A judge said Wednesday that she did not have jurisdiction to hear arguments in the Las Vegas Review-Journal’s request to prevent authorities from accessing slain investigative reporter Jeff German’s personal devices.
“We’re going to proceed diligently to get this issue in front of the court,” Ashley Kissinger, an attorney representing the Review-Journal, said Wednesday morning, adding that the newspaper intends to file a motion in District Court.
Although the newspaper’s attorneys met with murder suspect Robert Telles’ public defenders, Clark County District Attorney Steve Wolfson and representatives from the Metropolitan Police Department following Wednesday’s court hearing, Kissinger said the parties are “at an impasse.”
German, 69, was found dead of stab wounds earlier this month outside his Las Vegas home. Telles, Clark County’s public administrator, had been the subject of German’s reporting and is accused of killing the veteran journalist.
Police seized personal electronic devices from German’s home that the news organization believes he used for work, including a cellphone, computers and a hard drive. Prosecutors and the public defender’s office want to search those devices for information that could be related to the criminal case.
During Wednesday’s hearing, Justice of the Peace Karen Bennett-Haron said she agreed with prosecutors’ stance that the justice court does not have jurisdiction to prevent authorities from searching the devices.
“I don’t think this is the appropriate court,” Bennett-Haron said.
Wolfson and Telles’ public defender, Edward Kane, declined to comment on the case after the hearing. Matthew Christian, an attorney representing Metro, also declined to comment.
Glenn Cook, the Review-Journal’s executive editor, wrote in an affidavit that German’s devices could contain unpublished story drafts, along with emails, text messages and other communications German had with sources that could be considered privileged.
“The most dangerous potential outcome of this case is precedent that murdering a journalist will expose all of that journalist’s work product, source material and confidential contacts to government inspection,” Cook said after Wednesday’s hearing.
Prosecutors said Wednesday that they had proposed a meeting regarding German’s devices in District Court Judge Tierra Jones’ chambers, but Kissinger said the Review-Journal is opposed to any formal meeting that would take place outside of an open courtroom.
The Review-Journal had filed the motion on Monday, following a letter sent to attorneys and law enforcement officials on Friday.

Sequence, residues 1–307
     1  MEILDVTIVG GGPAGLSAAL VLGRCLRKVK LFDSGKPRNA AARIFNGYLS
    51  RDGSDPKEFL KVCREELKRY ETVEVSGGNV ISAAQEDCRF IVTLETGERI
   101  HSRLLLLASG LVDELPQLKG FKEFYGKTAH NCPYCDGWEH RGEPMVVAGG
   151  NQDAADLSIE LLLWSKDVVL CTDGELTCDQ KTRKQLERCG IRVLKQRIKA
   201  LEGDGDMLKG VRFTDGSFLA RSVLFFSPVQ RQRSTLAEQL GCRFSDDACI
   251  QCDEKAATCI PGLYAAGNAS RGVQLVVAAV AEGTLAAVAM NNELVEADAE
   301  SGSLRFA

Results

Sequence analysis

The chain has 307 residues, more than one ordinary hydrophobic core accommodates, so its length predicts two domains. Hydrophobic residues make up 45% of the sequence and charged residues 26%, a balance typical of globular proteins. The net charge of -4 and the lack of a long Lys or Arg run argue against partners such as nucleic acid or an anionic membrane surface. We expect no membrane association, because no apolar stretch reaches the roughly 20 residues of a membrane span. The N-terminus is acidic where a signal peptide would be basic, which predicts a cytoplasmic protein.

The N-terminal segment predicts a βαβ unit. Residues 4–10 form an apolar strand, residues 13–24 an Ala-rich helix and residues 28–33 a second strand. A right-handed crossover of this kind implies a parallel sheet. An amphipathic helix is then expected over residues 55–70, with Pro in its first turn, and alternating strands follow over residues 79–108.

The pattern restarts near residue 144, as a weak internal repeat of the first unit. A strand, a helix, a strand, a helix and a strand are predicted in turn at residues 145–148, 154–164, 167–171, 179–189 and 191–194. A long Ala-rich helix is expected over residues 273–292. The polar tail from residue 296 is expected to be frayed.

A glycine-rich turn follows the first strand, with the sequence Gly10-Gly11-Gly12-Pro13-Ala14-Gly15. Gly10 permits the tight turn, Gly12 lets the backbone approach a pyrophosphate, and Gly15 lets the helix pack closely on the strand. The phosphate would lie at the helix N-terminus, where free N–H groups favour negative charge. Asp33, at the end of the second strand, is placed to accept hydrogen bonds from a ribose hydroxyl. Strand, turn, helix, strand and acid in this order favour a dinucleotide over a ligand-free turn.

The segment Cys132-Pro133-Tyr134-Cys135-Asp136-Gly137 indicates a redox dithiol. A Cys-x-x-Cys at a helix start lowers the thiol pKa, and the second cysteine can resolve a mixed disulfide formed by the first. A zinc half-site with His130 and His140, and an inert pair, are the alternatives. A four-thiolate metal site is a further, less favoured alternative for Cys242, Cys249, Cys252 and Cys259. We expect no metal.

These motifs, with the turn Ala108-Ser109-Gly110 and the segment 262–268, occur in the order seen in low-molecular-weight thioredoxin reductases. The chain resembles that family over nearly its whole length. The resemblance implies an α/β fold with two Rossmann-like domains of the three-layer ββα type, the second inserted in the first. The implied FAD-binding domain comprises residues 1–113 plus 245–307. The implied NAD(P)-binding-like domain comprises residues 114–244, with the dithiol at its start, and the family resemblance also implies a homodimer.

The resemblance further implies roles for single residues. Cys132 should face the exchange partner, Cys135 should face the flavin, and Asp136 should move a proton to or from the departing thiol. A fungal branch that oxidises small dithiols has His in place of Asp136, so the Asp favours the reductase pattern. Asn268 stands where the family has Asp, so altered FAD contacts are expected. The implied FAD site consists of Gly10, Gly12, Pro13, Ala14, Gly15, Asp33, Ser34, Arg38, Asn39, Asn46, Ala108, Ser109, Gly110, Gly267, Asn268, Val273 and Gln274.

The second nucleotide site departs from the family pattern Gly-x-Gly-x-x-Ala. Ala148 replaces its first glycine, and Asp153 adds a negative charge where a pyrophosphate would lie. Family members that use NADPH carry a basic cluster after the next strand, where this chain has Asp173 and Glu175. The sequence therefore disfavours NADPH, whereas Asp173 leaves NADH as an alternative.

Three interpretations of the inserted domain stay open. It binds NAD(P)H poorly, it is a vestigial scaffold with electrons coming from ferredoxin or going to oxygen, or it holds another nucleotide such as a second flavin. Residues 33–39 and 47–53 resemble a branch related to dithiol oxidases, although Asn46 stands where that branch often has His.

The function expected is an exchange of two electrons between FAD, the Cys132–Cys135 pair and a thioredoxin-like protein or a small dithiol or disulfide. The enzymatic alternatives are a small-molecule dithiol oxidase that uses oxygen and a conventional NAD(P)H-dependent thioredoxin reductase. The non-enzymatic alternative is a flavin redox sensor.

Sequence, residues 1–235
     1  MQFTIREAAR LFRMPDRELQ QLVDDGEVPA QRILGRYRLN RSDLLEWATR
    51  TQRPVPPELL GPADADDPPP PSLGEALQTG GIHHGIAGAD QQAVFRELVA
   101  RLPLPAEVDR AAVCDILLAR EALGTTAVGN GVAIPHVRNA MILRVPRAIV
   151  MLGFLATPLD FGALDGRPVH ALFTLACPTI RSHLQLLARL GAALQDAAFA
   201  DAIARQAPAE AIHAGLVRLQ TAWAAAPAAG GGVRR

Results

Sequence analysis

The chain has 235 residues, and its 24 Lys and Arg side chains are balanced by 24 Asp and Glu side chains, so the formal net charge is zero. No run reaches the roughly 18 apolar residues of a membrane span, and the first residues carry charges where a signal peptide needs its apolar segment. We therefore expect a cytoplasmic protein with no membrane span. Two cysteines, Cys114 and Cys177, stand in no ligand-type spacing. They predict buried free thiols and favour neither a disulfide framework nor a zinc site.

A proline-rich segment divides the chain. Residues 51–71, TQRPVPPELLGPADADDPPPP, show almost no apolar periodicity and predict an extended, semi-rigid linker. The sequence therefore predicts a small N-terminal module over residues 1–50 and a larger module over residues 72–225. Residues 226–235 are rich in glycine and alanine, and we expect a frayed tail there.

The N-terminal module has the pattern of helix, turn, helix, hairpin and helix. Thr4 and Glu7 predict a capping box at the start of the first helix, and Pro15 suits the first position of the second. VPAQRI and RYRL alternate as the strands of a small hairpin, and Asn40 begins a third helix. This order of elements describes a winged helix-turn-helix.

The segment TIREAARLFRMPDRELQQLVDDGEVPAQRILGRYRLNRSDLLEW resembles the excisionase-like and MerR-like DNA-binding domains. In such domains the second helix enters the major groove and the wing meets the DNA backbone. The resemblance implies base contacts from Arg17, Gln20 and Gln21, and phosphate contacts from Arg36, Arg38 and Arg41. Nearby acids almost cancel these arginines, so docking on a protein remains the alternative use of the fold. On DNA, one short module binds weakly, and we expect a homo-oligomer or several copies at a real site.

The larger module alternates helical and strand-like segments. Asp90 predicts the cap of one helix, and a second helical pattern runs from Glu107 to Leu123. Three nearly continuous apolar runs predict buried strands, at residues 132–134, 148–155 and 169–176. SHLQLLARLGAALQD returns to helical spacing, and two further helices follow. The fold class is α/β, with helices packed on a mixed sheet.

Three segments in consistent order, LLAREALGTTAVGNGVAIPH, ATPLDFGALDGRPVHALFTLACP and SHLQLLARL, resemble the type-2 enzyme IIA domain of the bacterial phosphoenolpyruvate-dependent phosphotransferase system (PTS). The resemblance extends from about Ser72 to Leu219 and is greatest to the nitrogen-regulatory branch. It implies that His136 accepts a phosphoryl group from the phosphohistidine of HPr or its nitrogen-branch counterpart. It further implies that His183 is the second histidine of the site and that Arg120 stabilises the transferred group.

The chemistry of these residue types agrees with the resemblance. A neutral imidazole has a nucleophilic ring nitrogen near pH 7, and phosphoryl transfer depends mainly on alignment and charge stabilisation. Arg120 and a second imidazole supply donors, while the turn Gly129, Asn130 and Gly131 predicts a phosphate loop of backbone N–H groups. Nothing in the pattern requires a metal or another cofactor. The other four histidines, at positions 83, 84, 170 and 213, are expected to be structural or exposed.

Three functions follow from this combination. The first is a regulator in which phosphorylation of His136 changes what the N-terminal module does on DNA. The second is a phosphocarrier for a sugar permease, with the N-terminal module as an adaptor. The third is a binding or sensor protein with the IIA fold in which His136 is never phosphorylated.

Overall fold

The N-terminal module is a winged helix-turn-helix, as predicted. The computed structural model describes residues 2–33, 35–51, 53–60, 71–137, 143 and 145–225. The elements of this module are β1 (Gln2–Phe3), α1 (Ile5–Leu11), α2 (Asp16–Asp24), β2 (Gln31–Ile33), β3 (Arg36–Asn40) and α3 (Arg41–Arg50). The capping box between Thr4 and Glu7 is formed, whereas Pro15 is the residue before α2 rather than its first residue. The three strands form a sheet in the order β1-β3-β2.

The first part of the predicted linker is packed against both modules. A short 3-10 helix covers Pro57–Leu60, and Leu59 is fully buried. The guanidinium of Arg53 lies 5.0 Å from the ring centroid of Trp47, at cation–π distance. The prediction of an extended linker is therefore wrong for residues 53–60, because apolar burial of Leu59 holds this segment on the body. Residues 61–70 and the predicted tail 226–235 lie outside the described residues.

“We filed the motion really in an abundance of caution to preserve our rights and to stop a train that they started,” Kissinger told the judge Wednesday.
Prosecutors have written in court documents that the Las Vegas Justice Court doesn’t have jurisdiction over discovery issues prior to a preliminary hearing. The Metropolitan Police Department has also argued that “a Defendant’s constitutional rights take precedence over any reporter’s rights.”
The Reporters Committee for Freedom of the Press, along with 43 other media organizations, filed court papers on Tuesday requesting to submit a brief in support of the Review-Journal’s motion.
“Denying the Review-Journal’s request for a protective order here would profoundly chill further newsgathering activity and reporter-source communications essential to investigative reporting about possible government and official misconduct — precisely the kind of investigative reporting that allegedly led to the murder of Mr. German,” the Reporters Committee for Freedom of the Press request stated.
Telles, 45, was arrested in connection with German’s death after the suspected killer was captured on video surveillance approaching his house on Sept. 2. Telles’ DNA was consistent with DNA found under German’s fingernails, officials have said.
Earlier this year, German had reported a series of investigative stories about Telles’ workplace conduct and was working on a follow-up story in the weeks before his death.
Kissinger said Wednesday that legal protections for the press are what allow important stories to come to light.
“Every member of the public has an interest in making sure that the press’ privilege that we are asserting here over its confidential sources and other unpublished information is vigorously protected,” she said.